As seen in Natural Awakenings Magazine August 2016


Gardening is Like Yoga!

Gardening helps keep people active and improves their sense of well being. The art of gardening has also been linked with reduced rates of depression, better balance and less stress and anxiety. Sounds a lot like the benefits of yoga! I recently visited a tranquil lavender garden in Doylestown, Pa with a group of garden enthusiasts. Thanks to Noble Garden Tours, Highlands(ask for Kirsty), we were all treated to a delicious day of learning all things lavender at the Lavender Peace Farm on the banks of Galena Lake in beautiful Bucks county. Here’s what we learned:

1. Gardening, like yoga, keeps you in the present moment and allows you the opportunity to appreciate the movement of time. Gardening also allows you to contemplate all it takes to create a beautiful garden or a purposeful life, alongside the seasons of our lives that bring about growth, both inward and outward.

2. Lavender, gardening and yoga are all informing therapies for natural healing. When faced with heartbreak, illness or uncertainty, many people retreat outside to lose themselves and their issues in the garden by digging, weeding and pruning. Gardening is therapeutic. Lavender has been recommended for ages as a stress buster. In the Middle Ages, monks gathered medicinal plants in healing gardens to source their infirmaries. A yoga practice supports healing by embracing stillness, peace and a broadened perception of what life can be. It’s all connected.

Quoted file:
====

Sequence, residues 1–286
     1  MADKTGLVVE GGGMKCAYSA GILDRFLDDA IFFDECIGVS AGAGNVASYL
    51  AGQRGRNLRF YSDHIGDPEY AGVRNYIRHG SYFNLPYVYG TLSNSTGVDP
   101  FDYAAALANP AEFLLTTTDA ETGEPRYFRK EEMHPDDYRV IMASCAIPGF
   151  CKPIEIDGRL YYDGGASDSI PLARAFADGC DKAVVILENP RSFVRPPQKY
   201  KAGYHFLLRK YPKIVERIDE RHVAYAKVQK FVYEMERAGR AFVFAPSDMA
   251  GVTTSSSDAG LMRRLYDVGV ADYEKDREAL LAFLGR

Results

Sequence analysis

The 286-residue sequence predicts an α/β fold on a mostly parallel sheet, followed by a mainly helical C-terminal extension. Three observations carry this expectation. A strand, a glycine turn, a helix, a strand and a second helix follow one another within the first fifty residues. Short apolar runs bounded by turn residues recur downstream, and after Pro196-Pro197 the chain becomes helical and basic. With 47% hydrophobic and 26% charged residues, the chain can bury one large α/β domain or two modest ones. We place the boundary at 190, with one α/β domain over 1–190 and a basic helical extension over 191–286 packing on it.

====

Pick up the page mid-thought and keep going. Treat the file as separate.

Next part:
3. Lavender is not just for sweet smelling sachets, dried arrangements or calming yoga eye pillows. Fresh or dried, this herb is known to delight in savory dishes like salads and stews or sprinkled on meat and fish. The key, we learned in the lavender fields, is to let the dash of lavender in your dishes keep you coming back for more. We were grateful for the opportunity to taste this theory in lavender ice cream, lavender scones and lavender breads after our tour. Less left us wanting more for sure!

4. Lavender is harvested in its high season of June and July. Lavender thrives in well drained sandy soil and requires lots of sunshine. Munstead is a popular type of lavender that produces deep blue flowers on a compact plant while hybrid Hidcote Giant grows up to 40 inches tall with impressive purple spikes. Herb gardens have a long history of combining practicality with beauty. You can pick your own at Peace Valley Lavender Farm for a song and a sight to behold. Learn more at

A recent study published in the Journal of Urban Forestry and Urban Greening(2016) found that gardening benefitted all people equally, regardless of gender or age. The key component of enjoying the garden was the depth of the relationship with the garden. People who got the most from their garden felt a real resonance with their garden. They reported a deep connection and commitment to cultivating their gardens based on their interest in all things living and growing(minus the weeds!). So plant what you love, visit a gorgeous garden, breathe deeply wherever you land and try something new this summer. Namaste

DonnaLyn Giegerich MBA CIC RYT is an integrated business thoughtleader, conference keynoter and executive coach. In the summer, she hosts Yoga On The Lake in the great outdoors and is currently a Rutgers Master Gardener Intern. Learn more at or FB/YogaOnTheLakeSummerSeries